Students of God’s word are familiar with this Bible quotation, which is found in Acts 5. Do you recall who said those words and the circumstances under which they were spoken? Understanding their background will help us appreciate them more.

The Jewish Sanhedrin had arrested Jesus’ apostles, but an angel of God opened the prison doors and helped them escape. The angel then charged them, “Go, stand in the temple and speak to the people all the words of this life” (Acts 5:20). When the Sanhedrin learned that the apostles were preaching once more in the temple, they again sent to have them captured. The high priest told the twelve, “Did we not strictly command you not to teach in this name? And look, you have filled Jerusalem with your doctrine, and intend to bring this Man’s blood on us!” In response to the high priest’s statement, “Peter and the other apostles answered and said: We ought to obey God rather than men’” (Acts 5:29).

So, it is clear: instead of obeying men, Jesus’ followers should obey God. In the apostles’ case, recorded in Acts 5, there was a specific question over which “sparks flew.” Would it be acceptable to preach the gospel (preach in the name of Jesus)? The Jewish leaders’ answer was “No,” but the Lord’s answer was “Yes.” The Sanhedrin commanded the apostles not to do it (Acts 5:28), while the Master commanded them to do it (Mark 16:15; Luke 24:47). The high priest and the other members of the Sanhedrin were voices of authority, but Jesus has “all authority in heaven and on earth” (Matthew 28:18). To which voice of authority should, and would, the apostles submit: to men’s decree, or to God’s? Their answer was plain: they ought to obey God. In fact, that is exactly what they did. Even after the Sanhedrin both threatened and beat them, the apostles privately and publicly continued to proclaim Jesus as the Christ on a daily basis (Acts 5:40-42). The apostles of our Lord not only gave the correct answer with their mouths; they lived that answer in the choices that they made!

Acts 5:29 is a principle that each one of us needs to learn well (and not just be able to quote the words, but actually apply them in our lives). If we want to please God, then we will seek to obey Him in every instance, despite what any human(s) say. “But, what if humans try to prevent us from doing something that God wants us to do?” We should  obey God. “But, what if humans try to get us to do something that God forbids us to do?” We ought to obey God. God’s “rules” rank higher than men’s do!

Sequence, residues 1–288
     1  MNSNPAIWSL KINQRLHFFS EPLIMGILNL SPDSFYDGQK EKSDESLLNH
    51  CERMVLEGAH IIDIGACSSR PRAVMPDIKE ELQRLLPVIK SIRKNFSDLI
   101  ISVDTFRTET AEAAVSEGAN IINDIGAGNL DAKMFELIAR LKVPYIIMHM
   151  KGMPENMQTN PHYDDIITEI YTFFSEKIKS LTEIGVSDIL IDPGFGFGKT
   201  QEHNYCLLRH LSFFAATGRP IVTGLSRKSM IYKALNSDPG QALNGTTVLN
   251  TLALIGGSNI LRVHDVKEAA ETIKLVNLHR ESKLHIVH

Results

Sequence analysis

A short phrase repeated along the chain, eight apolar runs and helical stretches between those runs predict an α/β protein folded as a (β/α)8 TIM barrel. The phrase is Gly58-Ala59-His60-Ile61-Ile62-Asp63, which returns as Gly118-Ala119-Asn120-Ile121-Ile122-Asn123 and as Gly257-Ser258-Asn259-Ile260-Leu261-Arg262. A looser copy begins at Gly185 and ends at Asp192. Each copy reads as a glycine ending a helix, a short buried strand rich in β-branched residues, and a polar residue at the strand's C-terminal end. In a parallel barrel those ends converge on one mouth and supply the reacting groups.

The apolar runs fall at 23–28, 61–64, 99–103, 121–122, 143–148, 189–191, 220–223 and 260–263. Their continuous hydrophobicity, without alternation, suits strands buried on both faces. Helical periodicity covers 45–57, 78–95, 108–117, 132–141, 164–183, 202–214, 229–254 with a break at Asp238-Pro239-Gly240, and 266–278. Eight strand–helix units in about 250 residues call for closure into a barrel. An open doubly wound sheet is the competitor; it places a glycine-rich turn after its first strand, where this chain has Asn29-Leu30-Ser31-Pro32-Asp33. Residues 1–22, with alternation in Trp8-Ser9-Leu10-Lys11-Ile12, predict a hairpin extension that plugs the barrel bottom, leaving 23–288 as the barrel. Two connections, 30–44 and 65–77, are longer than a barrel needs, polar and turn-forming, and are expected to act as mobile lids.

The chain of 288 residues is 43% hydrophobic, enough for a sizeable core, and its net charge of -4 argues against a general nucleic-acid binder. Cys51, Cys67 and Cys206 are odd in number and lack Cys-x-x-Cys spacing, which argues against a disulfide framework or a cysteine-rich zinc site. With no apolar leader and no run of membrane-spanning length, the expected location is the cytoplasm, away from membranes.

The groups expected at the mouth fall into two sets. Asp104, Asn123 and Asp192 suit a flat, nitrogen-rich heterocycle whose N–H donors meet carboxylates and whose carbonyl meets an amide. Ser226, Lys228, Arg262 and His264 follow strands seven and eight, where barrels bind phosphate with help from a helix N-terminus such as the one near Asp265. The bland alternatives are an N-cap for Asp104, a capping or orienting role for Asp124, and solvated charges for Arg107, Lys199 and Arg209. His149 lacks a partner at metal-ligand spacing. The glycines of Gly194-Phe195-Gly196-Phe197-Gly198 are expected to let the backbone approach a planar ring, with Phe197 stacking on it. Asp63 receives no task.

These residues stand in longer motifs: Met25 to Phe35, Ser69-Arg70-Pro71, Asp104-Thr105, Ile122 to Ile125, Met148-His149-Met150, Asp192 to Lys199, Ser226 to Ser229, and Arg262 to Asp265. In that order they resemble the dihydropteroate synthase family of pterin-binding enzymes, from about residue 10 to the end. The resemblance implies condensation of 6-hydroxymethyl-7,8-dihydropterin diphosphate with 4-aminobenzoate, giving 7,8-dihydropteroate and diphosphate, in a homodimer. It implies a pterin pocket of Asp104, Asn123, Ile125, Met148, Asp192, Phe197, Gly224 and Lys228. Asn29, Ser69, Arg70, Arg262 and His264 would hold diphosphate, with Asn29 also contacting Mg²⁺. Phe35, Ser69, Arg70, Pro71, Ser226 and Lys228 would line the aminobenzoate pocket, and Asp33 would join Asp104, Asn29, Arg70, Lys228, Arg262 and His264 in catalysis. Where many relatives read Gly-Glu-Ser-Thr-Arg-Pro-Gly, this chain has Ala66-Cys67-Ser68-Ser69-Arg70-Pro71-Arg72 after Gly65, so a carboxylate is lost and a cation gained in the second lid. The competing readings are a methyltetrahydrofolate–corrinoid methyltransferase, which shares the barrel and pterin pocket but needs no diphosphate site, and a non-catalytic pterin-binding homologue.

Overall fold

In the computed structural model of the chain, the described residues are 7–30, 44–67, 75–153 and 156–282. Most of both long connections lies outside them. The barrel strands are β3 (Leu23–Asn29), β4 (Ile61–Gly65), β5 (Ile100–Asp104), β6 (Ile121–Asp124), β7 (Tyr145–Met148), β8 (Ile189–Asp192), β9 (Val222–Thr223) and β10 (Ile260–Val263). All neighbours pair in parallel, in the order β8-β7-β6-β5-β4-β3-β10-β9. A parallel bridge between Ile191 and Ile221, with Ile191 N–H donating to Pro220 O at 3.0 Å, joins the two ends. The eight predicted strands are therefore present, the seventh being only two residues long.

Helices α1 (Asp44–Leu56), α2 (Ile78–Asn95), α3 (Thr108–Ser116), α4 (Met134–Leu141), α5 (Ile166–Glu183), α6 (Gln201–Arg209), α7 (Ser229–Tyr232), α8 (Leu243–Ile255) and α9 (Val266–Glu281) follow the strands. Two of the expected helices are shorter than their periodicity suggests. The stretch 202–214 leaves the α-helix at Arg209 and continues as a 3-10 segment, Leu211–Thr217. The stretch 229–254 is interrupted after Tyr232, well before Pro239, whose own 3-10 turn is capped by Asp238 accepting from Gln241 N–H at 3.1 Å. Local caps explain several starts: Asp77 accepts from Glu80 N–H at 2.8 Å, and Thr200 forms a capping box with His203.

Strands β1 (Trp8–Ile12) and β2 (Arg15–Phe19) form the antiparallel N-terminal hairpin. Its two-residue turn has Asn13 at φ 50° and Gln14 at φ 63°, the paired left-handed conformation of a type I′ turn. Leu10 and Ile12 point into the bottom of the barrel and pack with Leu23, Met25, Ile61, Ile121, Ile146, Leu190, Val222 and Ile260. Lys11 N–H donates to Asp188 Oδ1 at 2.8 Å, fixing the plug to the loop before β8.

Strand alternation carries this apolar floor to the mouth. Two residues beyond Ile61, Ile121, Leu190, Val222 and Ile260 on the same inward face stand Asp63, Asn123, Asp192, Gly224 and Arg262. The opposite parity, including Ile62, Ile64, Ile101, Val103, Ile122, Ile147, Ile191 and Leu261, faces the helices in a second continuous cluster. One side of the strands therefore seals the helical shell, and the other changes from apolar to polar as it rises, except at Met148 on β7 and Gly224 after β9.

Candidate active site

“But there could be unpleasant circumstances if we choose to disregard what other people want and instead obey what God’s word tells us to do.” That is correct. If we doubt that, we should go back and look again at what happened to the apostles. They were threatened and beaten for their commitment to living for and preaching the words of our Lord.  The suffering of the early saints later escalated beyond threats and beatings, as Stephen (Acts 7) and the apostle James were killed (Acts 12). The challenge, brothers and sisters, is to have the faith and courage to do what is right in God’s sight, regardless of what consequences we might have to face for deciding “to obey God rather than men.” Those words are not simply a fancy formula that we memorize in order to impress others. No, “We ought to obey God rather than men” is the mindset or heart-felt “motto” of every faithful servant of the Christ.

Long before there were Christians, in the Old Testament era some of God’s people faced the choice either to submit to the Lord’s will or to men’s. Through the prophet Samuel, God commanded King Saul to utterly destroy the Amalekites, charging him, “Now therefore heed the voice of the words of the LORD” (1 Samuel 15:1). Saul later admitted that he “feared the people and obeyed their voice” (15:24). Wrong choice. The proper voice to obey was God’s, not the people’s.

King Nebuchadnezzar of Babylon once ordered all the inhabitants of his empire to bow down and worship a golden idol. When Azariah, Mishael, and Hananiah, three Israelite men, refused to do so, they were thrown into a fiery furnace. In the end, by God’s power and mercy they were not harmed by the fire, and their lives were spared (Daniel 3:1-24). But, let us not miss this point: even if they had lost their physical lives in that furnace, they made the correct decision. They were forewarned about the punishment that they would receive if they did not submit to the king’s decree, yet they chose “to obey God rather than men.” Right choice.

God blesses those who boldly choose to do His will, despite the unpleasantries that they might have to endure. May He help us to be that kind of people.

Roger D. Campbell

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